“Believing with you that religion is a matter which lies solely between Man & his God, that he owes account to none other for his faith or his worship, that the legitimate powers of the government reach actions only, & not opinions, I contemplate with sovereign reverence that act of the whole American people which declared that their legislature should ‘make no law respecting an establishment of religion, or prohibiting the free exercise thereof,’ thus building a wall of separation between Church & State. Adhering to this expression of the supreme will of the nation in behalf of the rights of conscience, I shall see with sincere satisfaction the progress of those sentiments which tend to restore to man all his natural rights, convinced he has no natural right in opposition to his social duties.”

Beyond his coining of the phrase “wall of separation between church and state,” note his usage of “the supreme will of the nation in behalf of the rights of conscience.” As with the wording in the Constitution of “we the people,” he means clearly to establish that our laws are based on humankind’s laws, “of the nation,” not on God’s laws. They are written by the people and the legislators who represent them, not by any deity or any book ascribed to a deity.

Jefferson is recognized by many as one of the most visionary men in history; regardless of his own feelings about religion or how he practiced it, he realized that true freedom could come only when a government does not have the power to coerce any citizen into a certain type of belief system, or into any type of belief system.

He wasn’t the only founding father to feel this way. The Treaty of Tripoli, signed by President John Adams in 1797, states in Article 11:

As the Government of the United States of America is not, in any sense, founded on the Christian religion [italics mine]; as it has in itself no character of enmity against the laws, religion, or tranquility, of Mussulmen; and, as the said States never entered into any war, or act of hostility against any Mahometan nation, it is declared by the parties, that no pretext arising from religious opinions, shall ever produce an interruption of the harmony existing between the two countries.”

That treaty was unanimously ratified by the Senate; no one objected to anything in the wording, indicating that the prevailing attitude at the time was consistent with that set out by the framers of our Constitution.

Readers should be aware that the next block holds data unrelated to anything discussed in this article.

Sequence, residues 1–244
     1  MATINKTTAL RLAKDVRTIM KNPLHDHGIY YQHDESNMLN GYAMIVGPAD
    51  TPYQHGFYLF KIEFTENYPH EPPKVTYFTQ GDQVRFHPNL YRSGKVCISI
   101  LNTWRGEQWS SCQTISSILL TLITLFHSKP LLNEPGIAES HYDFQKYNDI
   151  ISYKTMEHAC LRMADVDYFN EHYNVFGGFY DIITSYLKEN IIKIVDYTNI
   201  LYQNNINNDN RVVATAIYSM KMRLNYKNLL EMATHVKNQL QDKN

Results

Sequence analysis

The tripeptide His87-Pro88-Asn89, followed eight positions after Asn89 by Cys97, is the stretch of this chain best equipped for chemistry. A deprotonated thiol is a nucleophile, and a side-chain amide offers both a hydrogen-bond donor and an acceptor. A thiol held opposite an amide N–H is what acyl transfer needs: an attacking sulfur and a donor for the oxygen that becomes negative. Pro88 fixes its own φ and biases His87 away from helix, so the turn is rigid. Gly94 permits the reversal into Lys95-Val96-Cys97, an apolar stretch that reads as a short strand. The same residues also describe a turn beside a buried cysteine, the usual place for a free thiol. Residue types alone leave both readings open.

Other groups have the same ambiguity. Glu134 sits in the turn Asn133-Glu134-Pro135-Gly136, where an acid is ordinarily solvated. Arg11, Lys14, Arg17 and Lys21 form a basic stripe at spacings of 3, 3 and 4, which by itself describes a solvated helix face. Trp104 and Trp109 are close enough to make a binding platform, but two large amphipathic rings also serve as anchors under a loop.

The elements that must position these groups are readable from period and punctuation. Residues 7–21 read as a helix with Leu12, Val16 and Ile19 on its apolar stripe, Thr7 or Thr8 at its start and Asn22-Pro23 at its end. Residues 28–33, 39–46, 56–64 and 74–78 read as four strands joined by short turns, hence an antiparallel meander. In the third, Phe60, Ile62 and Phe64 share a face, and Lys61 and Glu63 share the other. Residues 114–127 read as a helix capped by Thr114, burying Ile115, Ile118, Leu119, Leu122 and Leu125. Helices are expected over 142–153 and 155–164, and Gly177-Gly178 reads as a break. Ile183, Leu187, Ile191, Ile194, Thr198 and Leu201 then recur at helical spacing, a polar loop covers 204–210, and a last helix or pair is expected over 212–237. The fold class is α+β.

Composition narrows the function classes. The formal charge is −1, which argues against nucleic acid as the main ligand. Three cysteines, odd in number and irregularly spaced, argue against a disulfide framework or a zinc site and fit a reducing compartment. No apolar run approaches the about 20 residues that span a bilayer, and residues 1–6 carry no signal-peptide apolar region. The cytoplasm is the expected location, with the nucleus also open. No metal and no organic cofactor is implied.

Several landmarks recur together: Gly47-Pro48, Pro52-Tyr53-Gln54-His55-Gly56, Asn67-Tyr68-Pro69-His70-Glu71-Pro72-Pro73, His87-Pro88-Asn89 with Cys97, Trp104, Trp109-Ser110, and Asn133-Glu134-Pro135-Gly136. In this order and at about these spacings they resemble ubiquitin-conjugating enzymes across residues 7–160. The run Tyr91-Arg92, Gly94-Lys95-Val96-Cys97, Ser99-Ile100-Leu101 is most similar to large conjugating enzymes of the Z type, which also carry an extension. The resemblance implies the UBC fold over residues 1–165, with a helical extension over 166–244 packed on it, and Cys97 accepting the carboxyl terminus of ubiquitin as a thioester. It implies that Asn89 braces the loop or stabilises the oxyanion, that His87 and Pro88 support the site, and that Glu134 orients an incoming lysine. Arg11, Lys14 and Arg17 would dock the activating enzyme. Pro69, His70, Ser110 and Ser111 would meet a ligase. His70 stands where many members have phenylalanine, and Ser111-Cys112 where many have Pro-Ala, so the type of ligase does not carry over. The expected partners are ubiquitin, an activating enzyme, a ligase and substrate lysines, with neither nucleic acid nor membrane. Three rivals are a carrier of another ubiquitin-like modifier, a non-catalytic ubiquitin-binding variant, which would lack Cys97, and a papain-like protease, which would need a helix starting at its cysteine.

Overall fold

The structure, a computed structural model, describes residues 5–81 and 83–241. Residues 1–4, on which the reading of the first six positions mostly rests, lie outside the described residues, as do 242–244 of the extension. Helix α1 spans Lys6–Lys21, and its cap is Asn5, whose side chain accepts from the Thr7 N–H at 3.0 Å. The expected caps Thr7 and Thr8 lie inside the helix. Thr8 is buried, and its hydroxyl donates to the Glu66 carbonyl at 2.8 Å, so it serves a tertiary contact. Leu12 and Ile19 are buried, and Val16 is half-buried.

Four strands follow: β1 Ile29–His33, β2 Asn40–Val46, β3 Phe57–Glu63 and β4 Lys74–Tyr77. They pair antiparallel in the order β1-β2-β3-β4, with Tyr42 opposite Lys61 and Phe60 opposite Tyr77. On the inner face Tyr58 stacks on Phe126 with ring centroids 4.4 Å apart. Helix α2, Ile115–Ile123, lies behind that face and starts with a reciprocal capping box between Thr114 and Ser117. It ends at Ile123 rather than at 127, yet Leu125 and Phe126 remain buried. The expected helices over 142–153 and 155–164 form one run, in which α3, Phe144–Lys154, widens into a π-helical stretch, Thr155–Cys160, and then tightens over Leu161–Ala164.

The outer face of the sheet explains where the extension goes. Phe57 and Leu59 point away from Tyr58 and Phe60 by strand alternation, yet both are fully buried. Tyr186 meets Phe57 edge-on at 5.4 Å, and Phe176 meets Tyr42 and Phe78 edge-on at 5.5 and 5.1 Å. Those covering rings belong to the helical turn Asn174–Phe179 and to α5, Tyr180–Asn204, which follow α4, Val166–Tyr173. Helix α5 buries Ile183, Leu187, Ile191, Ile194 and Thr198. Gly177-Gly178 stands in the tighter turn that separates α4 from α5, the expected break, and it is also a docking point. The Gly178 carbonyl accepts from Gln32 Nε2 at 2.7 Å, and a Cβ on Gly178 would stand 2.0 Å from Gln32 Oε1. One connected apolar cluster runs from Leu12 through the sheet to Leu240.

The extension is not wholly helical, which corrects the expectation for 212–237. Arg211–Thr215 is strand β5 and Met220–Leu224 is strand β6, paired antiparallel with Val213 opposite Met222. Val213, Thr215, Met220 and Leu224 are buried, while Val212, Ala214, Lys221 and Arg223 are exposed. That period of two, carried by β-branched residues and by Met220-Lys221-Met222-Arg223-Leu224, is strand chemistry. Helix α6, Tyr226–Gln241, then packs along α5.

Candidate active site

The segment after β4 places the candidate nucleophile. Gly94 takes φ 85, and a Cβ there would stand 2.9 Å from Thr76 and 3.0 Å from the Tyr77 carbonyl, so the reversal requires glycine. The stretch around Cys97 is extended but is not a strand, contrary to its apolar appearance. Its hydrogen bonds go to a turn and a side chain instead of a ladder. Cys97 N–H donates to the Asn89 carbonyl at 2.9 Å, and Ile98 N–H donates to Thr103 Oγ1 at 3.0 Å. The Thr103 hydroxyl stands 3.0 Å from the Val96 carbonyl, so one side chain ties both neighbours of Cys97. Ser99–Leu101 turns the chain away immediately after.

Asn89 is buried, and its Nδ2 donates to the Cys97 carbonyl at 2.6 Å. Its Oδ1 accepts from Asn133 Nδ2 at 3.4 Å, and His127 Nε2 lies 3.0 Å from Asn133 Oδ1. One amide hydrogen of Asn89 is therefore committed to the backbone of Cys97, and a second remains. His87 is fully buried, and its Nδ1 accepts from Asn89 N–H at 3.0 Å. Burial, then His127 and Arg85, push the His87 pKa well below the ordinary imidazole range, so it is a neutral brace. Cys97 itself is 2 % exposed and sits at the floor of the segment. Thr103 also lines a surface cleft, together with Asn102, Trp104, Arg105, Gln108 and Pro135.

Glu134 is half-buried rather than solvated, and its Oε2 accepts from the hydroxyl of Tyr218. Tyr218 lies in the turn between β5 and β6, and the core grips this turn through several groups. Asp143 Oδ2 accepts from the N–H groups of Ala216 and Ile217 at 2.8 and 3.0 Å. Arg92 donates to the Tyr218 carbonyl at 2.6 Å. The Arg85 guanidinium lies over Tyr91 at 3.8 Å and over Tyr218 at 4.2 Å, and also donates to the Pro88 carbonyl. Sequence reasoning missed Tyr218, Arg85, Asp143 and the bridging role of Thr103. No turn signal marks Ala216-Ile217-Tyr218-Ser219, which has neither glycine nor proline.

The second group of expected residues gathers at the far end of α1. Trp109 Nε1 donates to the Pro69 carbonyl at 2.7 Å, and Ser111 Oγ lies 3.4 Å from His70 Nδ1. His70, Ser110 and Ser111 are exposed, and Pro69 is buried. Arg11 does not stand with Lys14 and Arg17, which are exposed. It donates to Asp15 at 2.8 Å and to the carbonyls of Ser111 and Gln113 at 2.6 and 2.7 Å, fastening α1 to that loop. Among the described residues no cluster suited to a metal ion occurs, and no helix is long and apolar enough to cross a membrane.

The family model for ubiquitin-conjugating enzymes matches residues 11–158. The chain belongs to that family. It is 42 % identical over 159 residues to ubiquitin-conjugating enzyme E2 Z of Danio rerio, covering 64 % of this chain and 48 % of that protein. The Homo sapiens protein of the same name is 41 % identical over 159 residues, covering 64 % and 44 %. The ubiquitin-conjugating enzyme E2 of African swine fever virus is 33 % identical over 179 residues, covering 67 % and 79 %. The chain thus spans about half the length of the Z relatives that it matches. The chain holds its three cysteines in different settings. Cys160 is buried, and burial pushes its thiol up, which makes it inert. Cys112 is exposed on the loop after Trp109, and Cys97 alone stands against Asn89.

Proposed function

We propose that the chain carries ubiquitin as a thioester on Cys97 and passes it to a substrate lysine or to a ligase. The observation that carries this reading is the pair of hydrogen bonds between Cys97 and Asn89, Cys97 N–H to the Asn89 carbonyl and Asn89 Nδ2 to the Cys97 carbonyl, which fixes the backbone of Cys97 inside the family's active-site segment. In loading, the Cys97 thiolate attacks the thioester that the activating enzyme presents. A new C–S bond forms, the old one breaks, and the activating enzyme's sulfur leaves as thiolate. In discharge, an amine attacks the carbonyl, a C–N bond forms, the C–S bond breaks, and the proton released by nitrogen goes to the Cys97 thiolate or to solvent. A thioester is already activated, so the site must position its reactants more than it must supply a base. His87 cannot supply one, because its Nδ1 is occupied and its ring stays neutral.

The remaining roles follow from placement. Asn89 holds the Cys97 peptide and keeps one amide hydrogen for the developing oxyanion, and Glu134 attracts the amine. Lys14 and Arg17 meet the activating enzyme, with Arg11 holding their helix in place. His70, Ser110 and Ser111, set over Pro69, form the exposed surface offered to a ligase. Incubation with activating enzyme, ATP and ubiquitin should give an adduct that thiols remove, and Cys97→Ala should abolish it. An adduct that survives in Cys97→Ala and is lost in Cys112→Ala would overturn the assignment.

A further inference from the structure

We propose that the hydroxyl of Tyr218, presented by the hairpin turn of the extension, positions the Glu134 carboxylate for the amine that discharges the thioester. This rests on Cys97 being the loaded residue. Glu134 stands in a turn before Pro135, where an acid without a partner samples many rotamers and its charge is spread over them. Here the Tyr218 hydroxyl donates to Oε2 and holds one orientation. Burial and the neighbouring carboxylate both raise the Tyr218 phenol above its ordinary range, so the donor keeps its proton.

We are not a Christian nation, and our laws are not based on the Ten Commandments or on any religion; as hard as it may be for people to accept that, it is the historical truth. We are a nation of many faiths, including those who have no faith at all. It doesn't mean that anyone of a different faith or lack thereof is less of an American or a "bad" American. They're still American, and have the Constitutional right to believe or not believe in the manner which they choose. That is the way our founding fathers intended it to be, and anyone who reveres and respects the Constitution would do well to remember that. We were never intended to be a theocracy, and as we watch the abuses perpetrated in the name of state-run religions around the globe, we should applaud these men who established our government for having the foresight to attempt to ensure that such behavior never happens here.

At least it won’t happen as long as “we the people” do not allow it to happen.


  1. I recall how much flack then canidate-Obama received for his comment about the folks in Pennslyvania who were 'cliinging to their religion and guns' in spite of everything else that was contributing to their difficulties. It is much easier to enter a world of make believe where you don't have to accept responsibility for your actions. Everything is 'by the will of God' and that includes taking cuts in Safeway and rigging the admissions so that 'they' don't take up more than the slots 'they' are supposed to get, no matter what their grades are for school.

    As poorly writen and contradictory as the Bible is, I wonder why those least qualified to interpret it, do so? That is their problem with the Declaration (which should have been a tip off that it wasn't 'The Laws of...') of Indendence. Instead of interpreting it as it was written, which unlike the multiauthored and period scripted Bible, was truly a timeless document.

    You mentioned that Jefferson was a visionary. That is another contrast with the nimrods that claim God is Lord over our country. They have no vision and can only percieve the grievance that they may have suffered due to those who weren't citizens written (or so they think) when the Declaration or Constitution were written.

    There are a lot of people who want Texas style academics to be what is taught, so that they can re-write the history and laws of the land.

    Anywho, I hope that your letter makes it into the paper. Would be an interesting conversation between local readers if it makes it into press.

  2. Bravo. I hope the paper has the stones to print it.

  3. Hi Beth,
    Well said. I hope your paper prints it.

  4. I especially like the last paragraph. We are certainly all Americans. Well Done.